Maker of Armenia’s film music has died, at 75

The Armenian government has announced the death yesterday of Yuri Harutyunyan, head of music at Armenfilm from 1967 to 1996 and founder of the Recording-Brevis label in the Armenian Composers’ Union.

On his own account, Harutyunyan composed 75 film scores.

 

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  • it’s so pity we don’t hear more about the Armenian composers….

    I’m sorry, it’s in Dutch:

    https://basiaconfuoco.com/2019/02/06/pianotrios-uit-armenie-balsem-voor-de-ziel/

  • Edgar Self says:

    Basia Jawsorski, re Armenian composers:

    From his name, Yuri A. could be related to Alexander Arutunian, composer of a famous trumpet concerto and a later one for trombon. He died in Yerevan 2012 at a great age.

    Arutunian recorded an Armenian fantasy or rhapsody for two pianos with its composer Arno Babadjanian, a countryman.

    Other familiar Armenian composers are Alan Hovhaness(arian), who wrote more symphonies than Haydn, including one on the eruption of Mt. St. Helens; and Aram Khachaturian, who wrote “Gayne” and “Spartacus” ballets, a piano concerto made famous in the USA by William Kapell during WWII, and symphonies, some of which Khachaturian recorded conducting the Vienna Philharmonic.

    The writer William Saroyan was of Armenian descent.

    • Greg Bottini says:

      Dear Mr. Self,
      Hovhaness was born as Alan Vaness Chakmakjian.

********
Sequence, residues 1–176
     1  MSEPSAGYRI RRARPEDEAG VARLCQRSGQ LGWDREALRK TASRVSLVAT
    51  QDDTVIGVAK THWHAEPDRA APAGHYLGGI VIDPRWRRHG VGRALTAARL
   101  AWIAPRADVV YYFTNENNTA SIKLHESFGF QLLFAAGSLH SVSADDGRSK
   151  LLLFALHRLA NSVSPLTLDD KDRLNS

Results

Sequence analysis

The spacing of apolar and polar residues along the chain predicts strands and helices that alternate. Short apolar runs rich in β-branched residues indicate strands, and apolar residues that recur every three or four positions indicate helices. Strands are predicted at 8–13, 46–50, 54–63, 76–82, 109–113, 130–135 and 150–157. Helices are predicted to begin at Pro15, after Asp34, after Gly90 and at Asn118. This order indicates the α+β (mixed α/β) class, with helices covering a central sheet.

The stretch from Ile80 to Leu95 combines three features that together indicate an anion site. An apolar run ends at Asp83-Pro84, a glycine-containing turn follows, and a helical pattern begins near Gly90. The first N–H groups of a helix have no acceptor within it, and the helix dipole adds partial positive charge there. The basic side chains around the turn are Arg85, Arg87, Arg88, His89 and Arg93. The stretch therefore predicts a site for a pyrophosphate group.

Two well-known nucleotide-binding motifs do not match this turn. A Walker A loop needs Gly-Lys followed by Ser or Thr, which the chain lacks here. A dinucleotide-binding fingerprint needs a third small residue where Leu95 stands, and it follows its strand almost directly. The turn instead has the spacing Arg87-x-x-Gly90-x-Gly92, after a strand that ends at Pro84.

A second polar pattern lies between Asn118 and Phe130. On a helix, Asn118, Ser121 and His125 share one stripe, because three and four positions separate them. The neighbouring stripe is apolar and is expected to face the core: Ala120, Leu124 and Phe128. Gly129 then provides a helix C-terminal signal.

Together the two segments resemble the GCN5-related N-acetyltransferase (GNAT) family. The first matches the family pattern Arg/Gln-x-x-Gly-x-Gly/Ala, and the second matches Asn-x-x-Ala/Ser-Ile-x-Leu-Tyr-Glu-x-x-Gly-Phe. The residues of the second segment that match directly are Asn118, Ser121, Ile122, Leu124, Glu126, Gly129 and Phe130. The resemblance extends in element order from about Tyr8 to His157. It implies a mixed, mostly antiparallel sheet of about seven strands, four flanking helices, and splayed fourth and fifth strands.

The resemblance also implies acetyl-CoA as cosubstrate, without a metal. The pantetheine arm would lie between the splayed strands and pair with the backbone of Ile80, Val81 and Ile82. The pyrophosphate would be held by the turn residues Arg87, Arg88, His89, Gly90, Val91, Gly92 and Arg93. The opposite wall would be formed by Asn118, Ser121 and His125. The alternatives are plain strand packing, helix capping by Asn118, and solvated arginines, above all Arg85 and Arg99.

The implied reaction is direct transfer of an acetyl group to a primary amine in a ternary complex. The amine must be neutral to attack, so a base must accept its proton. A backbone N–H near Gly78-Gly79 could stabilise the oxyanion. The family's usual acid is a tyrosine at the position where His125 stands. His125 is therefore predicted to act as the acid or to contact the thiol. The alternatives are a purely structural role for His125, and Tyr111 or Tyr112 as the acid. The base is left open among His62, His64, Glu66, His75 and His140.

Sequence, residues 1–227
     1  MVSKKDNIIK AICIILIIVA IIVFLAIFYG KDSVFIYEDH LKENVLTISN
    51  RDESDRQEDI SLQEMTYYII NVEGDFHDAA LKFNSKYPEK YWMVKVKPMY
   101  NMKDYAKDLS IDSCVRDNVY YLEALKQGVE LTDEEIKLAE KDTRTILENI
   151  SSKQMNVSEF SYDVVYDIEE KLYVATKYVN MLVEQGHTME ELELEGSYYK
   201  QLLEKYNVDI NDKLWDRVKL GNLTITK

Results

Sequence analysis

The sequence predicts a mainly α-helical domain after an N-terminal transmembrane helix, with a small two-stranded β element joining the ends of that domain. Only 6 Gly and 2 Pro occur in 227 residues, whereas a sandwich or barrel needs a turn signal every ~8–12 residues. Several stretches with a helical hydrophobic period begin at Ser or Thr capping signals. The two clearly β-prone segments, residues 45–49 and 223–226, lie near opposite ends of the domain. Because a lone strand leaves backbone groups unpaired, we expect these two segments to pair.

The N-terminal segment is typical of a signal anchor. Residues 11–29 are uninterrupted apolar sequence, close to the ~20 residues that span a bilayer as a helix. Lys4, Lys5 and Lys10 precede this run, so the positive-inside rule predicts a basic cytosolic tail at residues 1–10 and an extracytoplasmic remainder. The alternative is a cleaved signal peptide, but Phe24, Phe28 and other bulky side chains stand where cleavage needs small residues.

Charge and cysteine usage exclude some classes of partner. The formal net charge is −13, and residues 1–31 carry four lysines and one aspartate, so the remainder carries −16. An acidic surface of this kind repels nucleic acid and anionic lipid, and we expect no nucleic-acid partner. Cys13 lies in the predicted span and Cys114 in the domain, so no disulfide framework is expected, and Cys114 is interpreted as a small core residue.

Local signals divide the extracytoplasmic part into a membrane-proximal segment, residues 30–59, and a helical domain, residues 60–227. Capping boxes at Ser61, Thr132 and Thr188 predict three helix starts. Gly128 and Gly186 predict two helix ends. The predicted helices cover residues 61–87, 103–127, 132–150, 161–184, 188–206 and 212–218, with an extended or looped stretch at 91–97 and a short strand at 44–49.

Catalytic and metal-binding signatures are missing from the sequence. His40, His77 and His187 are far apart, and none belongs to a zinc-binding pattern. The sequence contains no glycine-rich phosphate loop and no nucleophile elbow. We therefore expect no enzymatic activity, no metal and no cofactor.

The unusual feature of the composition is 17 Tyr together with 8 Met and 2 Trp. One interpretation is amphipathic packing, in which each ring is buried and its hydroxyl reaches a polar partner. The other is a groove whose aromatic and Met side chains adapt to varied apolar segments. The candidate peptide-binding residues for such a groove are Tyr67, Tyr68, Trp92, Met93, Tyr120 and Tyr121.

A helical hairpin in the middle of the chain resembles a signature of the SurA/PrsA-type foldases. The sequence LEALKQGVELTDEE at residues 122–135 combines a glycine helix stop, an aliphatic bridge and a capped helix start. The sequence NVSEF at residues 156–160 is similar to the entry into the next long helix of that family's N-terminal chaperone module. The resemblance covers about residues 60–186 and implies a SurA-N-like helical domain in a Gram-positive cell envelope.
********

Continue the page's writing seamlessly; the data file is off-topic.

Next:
According to Wikipedia, after his mother’s death (on October 3, 1930), he began to use the surname “Hovaness” in honor of his paternal grandfather and changed it to “Hovhaness” around 1944.
      Thank you for mentioning the other Armenian composers. There’s much lovely Armenian classical music that never gets performed in the West.
      BTW, my wife’s father (surname Kiramidjian), who died at the age of 102, went to high school with Saroyan in Fresno.

  • Edgar Self says:

    Many thanks for your information about Alan H.’s evolving surname, Greg Bpttini. I admit the spellings sometime defeat me. He was a good pianist and made a CD of his songs accompanying a bass-baritone, possibly Berberian. If not, then he goes on the list.

    Armenians count many creative, musical, and art-loving persons among them. They often are also long-lived, like your father-in-law. As soon as I read your comment, I remembered that William Saroyan came from the Central Valley in California.

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